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Ninjas – Pop Culture Victims


Ninjas are cool.

All geeks know that.

These silent assassins from Japan have appeared in all manner of geeky endeavors, from toys to movies to game shows.

Heck, they even have their own internet meme, in which they do constant battle with Blackbeard and his ilk. It is perhaps not surprising that ninjas suffer quite a bit from popular culture distortions… even the very “typical” ninja suit is actually the legacy of a bit of popular culture.


In fact, of all the famed tools, the black outfit was most likely never used by actual ninja.

Before you send your verbal shuriken hurling my way…do a little experiment.

Some dark night, go out into the woods, far away from natural light. Let your eyes adjust. Notice the colors that dominate your vision. By and large, they will be various shades of grey, rather than the pure black of the stereotypical ninja suit. In fact, someone wearing black in such a situation will actually stand out, rather than blend in. When it comes to sneaking around in the shadows, gray’s the way to go.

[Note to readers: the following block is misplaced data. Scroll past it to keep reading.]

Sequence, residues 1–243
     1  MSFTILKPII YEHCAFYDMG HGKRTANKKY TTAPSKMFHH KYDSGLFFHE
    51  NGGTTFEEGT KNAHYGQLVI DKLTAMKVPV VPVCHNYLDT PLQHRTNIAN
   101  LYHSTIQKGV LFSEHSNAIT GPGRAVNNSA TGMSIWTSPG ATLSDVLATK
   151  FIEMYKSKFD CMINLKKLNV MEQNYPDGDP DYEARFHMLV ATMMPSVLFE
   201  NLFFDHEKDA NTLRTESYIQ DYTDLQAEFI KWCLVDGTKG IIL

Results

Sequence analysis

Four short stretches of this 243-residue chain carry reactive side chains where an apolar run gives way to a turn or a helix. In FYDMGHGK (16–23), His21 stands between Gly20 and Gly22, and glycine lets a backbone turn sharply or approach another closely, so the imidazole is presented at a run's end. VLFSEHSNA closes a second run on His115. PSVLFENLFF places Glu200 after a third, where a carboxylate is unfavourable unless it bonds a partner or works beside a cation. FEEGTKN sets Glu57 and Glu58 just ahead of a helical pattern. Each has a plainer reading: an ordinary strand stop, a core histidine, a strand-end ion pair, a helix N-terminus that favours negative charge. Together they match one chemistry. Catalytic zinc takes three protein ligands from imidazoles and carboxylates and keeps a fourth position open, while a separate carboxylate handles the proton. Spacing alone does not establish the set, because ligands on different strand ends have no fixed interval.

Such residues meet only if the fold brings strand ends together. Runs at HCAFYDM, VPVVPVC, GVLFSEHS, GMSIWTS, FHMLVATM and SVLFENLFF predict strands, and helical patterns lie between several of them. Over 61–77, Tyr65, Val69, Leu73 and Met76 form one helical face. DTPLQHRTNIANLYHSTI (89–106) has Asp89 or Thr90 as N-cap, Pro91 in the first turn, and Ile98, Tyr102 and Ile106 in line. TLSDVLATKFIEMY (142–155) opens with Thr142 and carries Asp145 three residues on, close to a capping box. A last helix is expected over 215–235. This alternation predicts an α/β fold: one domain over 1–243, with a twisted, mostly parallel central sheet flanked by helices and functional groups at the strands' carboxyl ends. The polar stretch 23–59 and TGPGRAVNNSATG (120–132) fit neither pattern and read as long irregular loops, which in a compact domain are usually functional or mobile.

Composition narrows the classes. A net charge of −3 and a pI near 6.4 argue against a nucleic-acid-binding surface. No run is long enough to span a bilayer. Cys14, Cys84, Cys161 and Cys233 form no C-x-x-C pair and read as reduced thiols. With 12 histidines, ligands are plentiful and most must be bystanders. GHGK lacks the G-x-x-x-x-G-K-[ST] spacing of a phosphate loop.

Good Ninja fashion

Truth be told, ninja themselves did not have a particular uniform. Rather, they disguised themselves as servants, gardeners, or various other nobodies whose presence did not warrant attention by those they targeted.

Not the best example of Ninja camouflage

Rather than trying to camouflage themselves into a particular environment, ninjas tried to camouflage themselves into the local population. It was far easier to get lost among the crowds Kyoto if one didn’t wear an outfit that screamed “Here I am! I’m a Ninja!”

 How, then, did the ninja suit come about?

Believe it or not, it was popular culture, centuries before the invention of movies I might add. In traditional Japanese theater, the stagehands were covered from head to toe in black (sound familiar?). The audience still saw them, but generally suspended their disbelief and pretended that they weren’t there. Some director got the brilliant idea that if a character needed to come out nowhere (a ninja, perhaps?), the best way to sneak him onstage was to have him come in dressed as a stagehand, move around a prop or two, and then suddenly attack.

Thus, in the mind of the popular culture, the ninja and the black suit merged… and so they remain today.

I hope that you have enjoyed this little foray into popular culture and the ninja.

The next time you see one of the cunning assassins depicted in an action figure, or valiantly battling a pirate, remember that what you’re actually seeing is a mixture of fantasy, history, and Japanese theater.

Your Obedient Servant.

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